And I do remember the older, first giant snake too! It was definitely a little more cartoonish than the current one, but the new one is much more animated and actually "strikes" at you unlike the original one did. And I also only remember the retractable fangs on the 2nd version.

    Another effect that changed drastically since the original version was the first time you see Indy. The original figure had his back to the door and was using his back to keep the door closed. Where as the newer audio-animatronic figure is sort of off to the side facing the track and pointing to the exit/entrance of the giant room. They also added the cool effect where you see his fedora silhouette on the wall as you enter that room when they installed the second and improved figure. Using YouTube videos, I believe the new figure was added some time in late 2009. I've seen videos from Sep '09 with the original Indy still there, but by Dec '09 the 2nd (and current) Indy figure was in place.



    Original Indy (1995-2009)

    Click image for larger version  Name:	original indy.PNG Views:	8 Size:	392.4 KB ID:	8612331Click image for larger version  Name:	og indy.PNG Views:	8 Size:	718.7 KB ID:	8612332










    Current Indy (2010-)

    Click image for larger version  Name:	new indy.PNG Views:	8 Size:	136.7 KB ID:	8612333Click image for larger version  Name:	2nd indy 2.PNG Views:	8 Size:	320.4 KB ID:	8612334Click image for larger version  Name:	2nd indy 3.PNG Views:	8 Size:	370.5 KB ID:	8612335Click image for larger version  Name:	2nd indy.PNG Views:	8 Size:	560.9 KB ID:	8612336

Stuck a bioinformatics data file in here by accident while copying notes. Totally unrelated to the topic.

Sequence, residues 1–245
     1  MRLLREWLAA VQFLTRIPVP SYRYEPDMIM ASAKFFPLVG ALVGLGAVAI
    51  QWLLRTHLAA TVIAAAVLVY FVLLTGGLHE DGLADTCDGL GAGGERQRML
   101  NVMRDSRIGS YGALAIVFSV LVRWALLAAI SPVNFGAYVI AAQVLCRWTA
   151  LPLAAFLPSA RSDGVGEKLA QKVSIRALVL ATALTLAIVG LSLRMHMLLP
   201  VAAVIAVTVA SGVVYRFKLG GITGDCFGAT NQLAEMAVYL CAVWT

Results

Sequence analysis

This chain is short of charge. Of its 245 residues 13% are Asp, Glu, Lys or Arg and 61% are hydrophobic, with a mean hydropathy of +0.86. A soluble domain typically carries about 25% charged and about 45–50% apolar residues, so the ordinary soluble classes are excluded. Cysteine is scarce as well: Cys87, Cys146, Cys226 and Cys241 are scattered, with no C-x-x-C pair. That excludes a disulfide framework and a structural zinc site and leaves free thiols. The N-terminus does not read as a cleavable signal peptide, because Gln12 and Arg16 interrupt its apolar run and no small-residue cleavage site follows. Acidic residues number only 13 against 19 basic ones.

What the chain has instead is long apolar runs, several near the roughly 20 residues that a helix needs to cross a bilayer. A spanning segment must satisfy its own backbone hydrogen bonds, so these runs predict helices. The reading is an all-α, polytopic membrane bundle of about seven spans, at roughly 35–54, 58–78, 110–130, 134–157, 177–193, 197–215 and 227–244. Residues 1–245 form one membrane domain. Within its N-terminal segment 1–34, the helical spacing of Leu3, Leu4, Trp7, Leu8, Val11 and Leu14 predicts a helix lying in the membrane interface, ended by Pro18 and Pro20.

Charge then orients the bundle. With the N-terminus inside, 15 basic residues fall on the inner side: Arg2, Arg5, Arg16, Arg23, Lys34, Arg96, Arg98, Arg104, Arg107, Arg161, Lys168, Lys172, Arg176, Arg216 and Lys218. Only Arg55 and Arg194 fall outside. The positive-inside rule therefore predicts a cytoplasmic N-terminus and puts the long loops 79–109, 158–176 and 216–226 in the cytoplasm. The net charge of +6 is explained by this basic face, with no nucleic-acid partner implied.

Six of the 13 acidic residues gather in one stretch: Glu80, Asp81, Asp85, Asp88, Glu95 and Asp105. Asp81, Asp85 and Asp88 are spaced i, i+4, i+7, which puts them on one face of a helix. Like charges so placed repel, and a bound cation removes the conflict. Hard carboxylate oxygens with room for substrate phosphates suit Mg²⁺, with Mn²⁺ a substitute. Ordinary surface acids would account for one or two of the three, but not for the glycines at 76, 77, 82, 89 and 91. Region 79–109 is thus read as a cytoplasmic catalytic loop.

Last edited by DarthBrett78; 02-03-2020, 11:28 AM.

    Leave a comment:


  • Eagleman
    replied
    IMO- I think Indiana Jones Adventure
    need to go down for a year

    renovation can refer to making something new, or bringing something back to life .
    But at this point of time.......I do not believe Disney
    would spend that type of money !

    Leave a comment:


  • AhpalovestheDuck
    replied
    I stilI wonder if the flames will ever be restored to their original state?

    Leave a comment:


  • Eagleman
    replied
    Originally posted by MonteJ View Post
    This ride was “glorious”!
    I sincerely hope that they restore it to its former glory.
    Now the attraction needs lots of TLC.....to get it back to a “Glorious” time......
    But expect it be long time coming
    like many other attractions and land !
    IMO

    Leave a comment:


  • MonteJ
    replied
    This ride was “glorious”! The reveal of the big room with the bridge had the laser eye, an impressive fire vortex, and fire balls. It was awesome! I’m certain it was hugely expensive to keep going, but the dark, underwhelming version currently in operation is a pale substitute for what it used to be. I sincerely hope that they restore it to its former glory.

    Leave a comment: